Almost one hundred years ago, Teilhard de Chardin wrote: “Christian prayer should give great importance to the real and physical extensions of the eucharistic Presence … the host is comparable to a blazing fire whose flames spread out like rays all round it” (Hymn of the Universe).— Joan Ridley OSB, In the Presence: The Spirituality of Eucharistic Adoration.
So, living in a world in which a false optimism, or even escapism, is engendered by a vain faith in technology and secular democracy which blinds us to the very real dangers inherent in both, we are pointed by the Church to the Sacred Heart of Jesus as a true grounding for our faith and the source of a bold but well-founded hope. This hope is not just for ourselves but for all (for God wills that all men be saved and come to a knowledge of him [cf 1 Timothy 2:4]), and it is oriented to an end that is eternal rather than one centred on the here and now. The Sacred Heart is not a synonym for the Person of Jesus Christ; rather it refers to an encounter within Christ’s Person between the terminal cancer of human sinfulness and the overwhelming abundance of mercy which is God’s remedy for it. In the heart of Christ himself that battle has already been won. In pointing to his Sacred Heart as the foundation of our surest hope in sharing in Christ’s victory, the Church also points to that Heart as a revelation of God’s will for us, and so she recalls in the Liturgy today Jesus’ own words:
Come to me, all who labor and are heavy laden, and I will give you rest. Take my yoke upon you, and learn from me; for I am gentle and lowly in heart, and you will find rest for your souls. For my yoke is easy, and my burden is light. (Matthew 1:28-30)Far from being childish or outmoded, devotion to the Sacred Heart of Jesus instead is a great weapon in the New Evangelization, as it confronts human hopelessness not with a vacuous optimism but with the assurance that God himself has shared the human condition in Jesus Christ and in him has transformed it into something wonderful; and as it invites people to have hope in him in whose heart that transformation has been achieved, for us and for our salvation. — “No Childish Devotion” by Fr Hugh Somerville-Knapman OSB.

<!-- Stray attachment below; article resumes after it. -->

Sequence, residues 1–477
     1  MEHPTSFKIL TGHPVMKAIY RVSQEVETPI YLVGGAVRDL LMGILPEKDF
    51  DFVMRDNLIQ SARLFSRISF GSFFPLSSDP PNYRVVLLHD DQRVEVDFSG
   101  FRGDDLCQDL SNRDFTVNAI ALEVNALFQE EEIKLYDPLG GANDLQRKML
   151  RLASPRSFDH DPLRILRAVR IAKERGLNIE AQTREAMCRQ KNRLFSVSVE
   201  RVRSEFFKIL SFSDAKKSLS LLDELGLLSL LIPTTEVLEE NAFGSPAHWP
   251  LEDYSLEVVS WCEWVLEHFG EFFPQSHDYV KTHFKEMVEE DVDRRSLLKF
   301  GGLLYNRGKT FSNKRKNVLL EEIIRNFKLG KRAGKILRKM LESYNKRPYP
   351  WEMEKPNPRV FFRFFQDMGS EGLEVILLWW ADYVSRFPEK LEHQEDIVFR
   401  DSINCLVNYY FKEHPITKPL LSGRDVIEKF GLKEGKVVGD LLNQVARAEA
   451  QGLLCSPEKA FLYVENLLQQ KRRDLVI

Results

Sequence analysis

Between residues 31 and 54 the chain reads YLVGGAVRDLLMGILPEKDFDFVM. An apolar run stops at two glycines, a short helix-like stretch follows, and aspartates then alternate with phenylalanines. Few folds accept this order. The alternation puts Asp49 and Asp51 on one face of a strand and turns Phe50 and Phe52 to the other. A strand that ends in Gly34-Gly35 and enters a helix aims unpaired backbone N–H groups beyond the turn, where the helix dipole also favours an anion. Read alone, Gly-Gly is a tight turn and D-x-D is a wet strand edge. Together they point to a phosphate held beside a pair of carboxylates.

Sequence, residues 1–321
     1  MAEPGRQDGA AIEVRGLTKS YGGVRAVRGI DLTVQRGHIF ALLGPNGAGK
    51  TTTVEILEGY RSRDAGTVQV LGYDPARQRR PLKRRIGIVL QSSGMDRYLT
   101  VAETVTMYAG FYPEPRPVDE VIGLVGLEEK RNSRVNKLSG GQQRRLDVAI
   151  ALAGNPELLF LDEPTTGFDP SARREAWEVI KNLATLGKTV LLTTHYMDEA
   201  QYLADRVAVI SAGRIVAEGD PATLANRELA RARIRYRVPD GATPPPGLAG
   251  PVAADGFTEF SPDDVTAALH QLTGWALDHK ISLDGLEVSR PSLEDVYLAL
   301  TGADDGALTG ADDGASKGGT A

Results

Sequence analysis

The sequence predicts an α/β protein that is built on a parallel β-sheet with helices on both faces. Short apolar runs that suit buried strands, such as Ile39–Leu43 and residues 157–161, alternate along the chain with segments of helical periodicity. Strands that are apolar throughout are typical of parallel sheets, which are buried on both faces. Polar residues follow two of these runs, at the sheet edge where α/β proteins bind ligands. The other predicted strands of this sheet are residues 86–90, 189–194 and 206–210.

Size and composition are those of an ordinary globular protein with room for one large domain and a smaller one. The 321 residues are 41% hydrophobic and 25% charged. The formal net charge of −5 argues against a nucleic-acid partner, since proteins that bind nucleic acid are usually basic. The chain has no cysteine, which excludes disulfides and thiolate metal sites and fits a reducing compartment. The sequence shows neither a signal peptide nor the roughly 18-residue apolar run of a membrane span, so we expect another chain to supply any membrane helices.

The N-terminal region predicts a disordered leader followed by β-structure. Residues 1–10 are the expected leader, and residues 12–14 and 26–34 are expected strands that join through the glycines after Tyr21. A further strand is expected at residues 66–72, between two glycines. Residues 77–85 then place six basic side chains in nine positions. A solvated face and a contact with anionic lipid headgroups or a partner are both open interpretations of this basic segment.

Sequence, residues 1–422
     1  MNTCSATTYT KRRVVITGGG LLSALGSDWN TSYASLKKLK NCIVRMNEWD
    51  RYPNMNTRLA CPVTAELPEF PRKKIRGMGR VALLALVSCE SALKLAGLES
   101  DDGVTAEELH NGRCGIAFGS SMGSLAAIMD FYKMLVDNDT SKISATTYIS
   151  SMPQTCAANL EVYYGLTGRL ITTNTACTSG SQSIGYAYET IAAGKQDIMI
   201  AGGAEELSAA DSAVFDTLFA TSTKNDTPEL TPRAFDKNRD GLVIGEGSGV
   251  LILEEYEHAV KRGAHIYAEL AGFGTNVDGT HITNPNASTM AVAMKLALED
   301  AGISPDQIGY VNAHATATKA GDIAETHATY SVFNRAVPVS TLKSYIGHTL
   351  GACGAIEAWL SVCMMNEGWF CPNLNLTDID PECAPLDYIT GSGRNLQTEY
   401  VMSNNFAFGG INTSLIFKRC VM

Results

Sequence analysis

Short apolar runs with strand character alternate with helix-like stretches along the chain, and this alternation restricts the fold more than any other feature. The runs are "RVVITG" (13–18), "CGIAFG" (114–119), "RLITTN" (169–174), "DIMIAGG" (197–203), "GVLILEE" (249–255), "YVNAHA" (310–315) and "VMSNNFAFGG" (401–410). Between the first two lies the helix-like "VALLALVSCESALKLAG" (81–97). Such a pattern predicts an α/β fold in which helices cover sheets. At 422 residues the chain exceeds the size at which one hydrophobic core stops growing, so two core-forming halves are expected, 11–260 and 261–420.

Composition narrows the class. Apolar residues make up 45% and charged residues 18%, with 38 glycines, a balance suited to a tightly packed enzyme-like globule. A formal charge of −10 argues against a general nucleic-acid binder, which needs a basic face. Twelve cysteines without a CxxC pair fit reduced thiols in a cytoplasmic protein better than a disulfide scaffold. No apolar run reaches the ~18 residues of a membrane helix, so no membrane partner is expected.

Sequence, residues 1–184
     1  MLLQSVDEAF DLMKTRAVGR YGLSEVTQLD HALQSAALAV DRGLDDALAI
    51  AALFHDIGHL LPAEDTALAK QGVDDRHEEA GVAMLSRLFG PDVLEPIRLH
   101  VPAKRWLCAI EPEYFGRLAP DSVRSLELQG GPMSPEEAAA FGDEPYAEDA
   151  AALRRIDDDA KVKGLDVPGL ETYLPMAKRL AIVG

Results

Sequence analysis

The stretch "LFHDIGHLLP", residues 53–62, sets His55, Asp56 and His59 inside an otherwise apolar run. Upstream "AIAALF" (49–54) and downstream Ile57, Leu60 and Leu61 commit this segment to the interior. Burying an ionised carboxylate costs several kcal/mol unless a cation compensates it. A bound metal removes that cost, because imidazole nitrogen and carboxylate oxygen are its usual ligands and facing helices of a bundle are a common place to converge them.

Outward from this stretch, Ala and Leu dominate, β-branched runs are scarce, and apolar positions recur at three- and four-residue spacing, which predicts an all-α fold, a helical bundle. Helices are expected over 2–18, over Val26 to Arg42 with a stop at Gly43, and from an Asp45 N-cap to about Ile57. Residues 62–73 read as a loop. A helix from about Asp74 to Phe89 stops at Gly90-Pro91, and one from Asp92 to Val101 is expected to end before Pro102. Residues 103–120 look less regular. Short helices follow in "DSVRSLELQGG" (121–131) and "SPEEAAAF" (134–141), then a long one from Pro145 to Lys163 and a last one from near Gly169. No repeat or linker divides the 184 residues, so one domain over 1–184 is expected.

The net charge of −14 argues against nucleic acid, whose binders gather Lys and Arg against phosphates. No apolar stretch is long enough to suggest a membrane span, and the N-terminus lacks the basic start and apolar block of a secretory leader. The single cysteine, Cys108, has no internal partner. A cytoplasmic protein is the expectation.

The Lord gave himself in bread and wine. Those are things we eat. It was said that the bread is there not to be gazed upon but to be eaten. This is essentially right. But let us just recall: What does that mean, to receive the Lord? That is never just a physical, bodily act, as when I eat a slice of bread. So it can therefore never be something that happens just in a moment. To receive Christ means: to move toward him, to adore him. For that reason, the reception can stretch out beyond the time of the Eucharistic celebration; indeed, it has to do so.
The more the Church grew into the Eucharistic mystery, the more she understood that she could not consummate the celebration of Communion within the limited time available in the Mass. When, thus, the eternal light was lit in the church, and the tabernacle installed beside the altar, then it was as if the bud of the mystery had opened, and the Church had welcomed the fullness of the eucharistic mystery.— Pope Benedict XVI, *God is Near Us: The Eucharist, the Heart of Life*, as quoted by Joan Ridley, OSB, in *In the Presence: The Spirituality of Eucharistic Adoration*.
If I do not have unity in myself, how can I even think, let alone speak, of unity among Christians? Yet, of course, in seeking unity for all Christians, I also attain unity within myself.
The more I am able to affirm others, to say “yes” to them in myself, by discovering them in myself and myself in them, the more real I am. I am fully real if my own heart says /yes/ to /everyone/.
I will be a better Catholic, not if I can /refute/ every shade of Protestantism, but if I can affirm the truth in it and still go further.
So, too, with the Muslims, the Hindus, the Buddhists, etc. This does not mean syncretism, indifferentism, the vapid and careless friendliness that accepts everything by thinking of nothing. There is much that one cannot “affirm” and “accept”, but first one must say “yes” where one really can.
If I affirm myself as a Catholic merely by denying all that is Muslim, Jewish, Protestant, Hindu, Buddhist, etc., in the end I will find that there is not much left for me to affirm as a Catholic: and certainly no breath of the Spirit with which to affirm it.— Thomas Merton,Conjectures of a Guilty Bystander, p 128-129, as quoted inEssential Writings.